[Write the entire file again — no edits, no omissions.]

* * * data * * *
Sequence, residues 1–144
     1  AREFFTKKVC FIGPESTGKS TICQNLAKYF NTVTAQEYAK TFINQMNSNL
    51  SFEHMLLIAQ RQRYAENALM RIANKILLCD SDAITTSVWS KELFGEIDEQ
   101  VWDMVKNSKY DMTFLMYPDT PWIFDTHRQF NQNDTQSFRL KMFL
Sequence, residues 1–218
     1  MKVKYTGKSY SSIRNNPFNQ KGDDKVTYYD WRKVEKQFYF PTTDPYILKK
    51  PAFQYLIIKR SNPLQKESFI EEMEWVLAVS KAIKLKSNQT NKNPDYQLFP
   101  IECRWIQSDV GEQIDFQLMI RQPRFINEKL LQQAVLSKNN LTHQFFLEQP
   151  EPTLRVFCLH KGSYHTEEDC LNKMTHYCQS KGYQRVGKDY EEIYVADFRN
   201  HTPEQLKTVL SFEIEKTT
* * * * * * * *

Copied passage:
Sequence, residues 1–144
     1  AREFFTKKVC FIGPESTGKS TICQNLAKYF NTVTAQEYAK TFINQMNSNL
    51  SFEHMLLIAQ RQRYAENALM RIANKILLCD SDAITTSVWS KELFGEIDEQ
   101  VWDMVKNSKY DMTFLMYPDT PWIFDTHRQF NQNDTQSFRL KMFL
Sequence, residues 1–218
     1  MKVKYTGKSY SSIRNNPFNQ KGDDKVTYYD WRKVEKQFYF PTTDPYILKK
    51  PAFQYLIIKR SNPLQKESFI EEMEWVLAVS KAIKLKSNQT NKNPDYQLFP
   101  IECRWIQSDV GEQIDFQLMI RQPRFINEKL LQQAVLSKNN LTHQFFLEQP
   151  EPTLRVFCLH KGSYHTEEDC LNKMTHYCQS KGYQRVGKDY EEIYVADFRN
   201  HTPEQLKTVL SFEIEKTT